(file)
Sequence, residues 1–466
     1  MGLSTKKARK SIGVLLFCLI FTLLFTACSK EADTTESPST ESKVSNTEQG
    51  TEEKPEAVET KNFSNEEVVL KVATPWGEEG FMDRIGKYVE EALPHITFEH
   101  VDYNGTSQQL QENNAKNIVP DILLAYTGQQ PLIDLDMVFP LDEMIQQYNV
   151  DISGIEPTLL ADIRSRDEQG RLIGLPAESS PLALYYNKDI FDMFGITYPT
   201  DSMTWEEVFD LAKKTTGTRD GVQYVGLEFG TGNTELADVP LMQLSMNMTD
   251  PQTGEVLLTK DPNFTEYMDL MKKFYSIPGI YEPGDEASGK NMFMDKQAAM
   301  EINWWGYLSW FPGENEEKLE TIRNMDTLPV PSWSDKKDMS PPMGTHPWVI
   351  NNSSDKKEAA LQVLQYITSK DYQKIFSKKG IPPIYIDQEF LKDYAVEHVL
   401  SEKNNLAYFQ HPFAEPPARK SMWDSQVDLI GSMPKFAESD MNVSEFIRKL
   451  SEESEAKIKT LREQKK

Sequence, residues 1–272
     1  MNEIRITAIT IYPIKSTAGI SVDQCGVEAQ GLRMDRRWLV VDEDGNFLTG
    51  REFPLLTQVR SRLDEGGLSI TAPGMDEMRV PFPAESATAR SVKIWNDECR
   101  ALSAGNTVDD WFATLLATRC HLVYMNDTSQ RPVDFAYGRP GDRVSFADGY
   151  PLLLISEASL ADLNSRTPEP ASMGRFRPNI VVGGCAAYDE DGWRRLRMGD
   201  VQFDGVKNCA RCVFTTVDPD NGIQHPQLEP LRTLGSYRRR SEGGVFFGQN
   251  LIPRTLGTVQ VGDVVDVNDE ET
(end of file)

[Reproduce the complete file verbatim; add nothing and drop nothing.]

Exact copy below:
Sequence, residues 1–466
     1  MGLSTKKARK SIGVLLFCLI FTLLFTACSK EADTTESPST ESKVSNTEQG
    51  TEEKPEAVET KNFSNEEVVL KVATPWGEEG FMDRIGKYVE EALPHITFEH
   101  VDYNGTSQQL QENNAKNIVP DILLAYTGQQ PLIDLDMVFP LDEMIQQYNV
   151  DISGIEPTLL ADIRSRDEQG RLIGLPAESS PLALYYNKDI FDMFGITYPT
   201  DSMTWEEVFD LAKKTTGTRD GVQYVGLEFG TGNTELADVP LMQLSMNMTD
   251  PQTGEVLLTK DPNFTEYMDL MKKFYSIPGI YEPGDEASGK NMFMDKQAAM
   301  EINWWGYLSW FPGENEEKLE TIRNMDTLPV PSWSDKKDMS PPMGTHPWVI
   351  NNSSDKKEAA LQVLQYITSK DYQKIFSKKG IPPIYIDQEF LKDYAVEHVL
   401  SEKNNLAYFQ HPFAEPPARK SMWDSQVDLI GSMPKFAESD MNVSEFIRKL
   451  SEESEAKIKT LREQKK

Sequence, residues 1–272
     1  MNEIRITAIT IYPIKSTAGI SVDQCGVEAQ GLRMDRRWLV VDEDGNFLTG
    51  REFPLLTQVR SRLDEGGLSI TAPGMDEMRV PFPAESATAR SVKIWNDECR
   101  ALSAGNTVDD WFATLLATRC HLVYMNDTSQ RPVDFAYGRP GDRVSFADGY
   151  PLLLISEASL ADLNSRTPEP ASMGRFRPNI VVGGCAAYDE DGWRRLRMGD
   201  VQFDGVKNCA RCVFTTVDPD NGIQHPQLEP LRTLGSYRRR SEGGVFFGQN
   251  LIPRTLGTVQ VGDVVDVNDE ET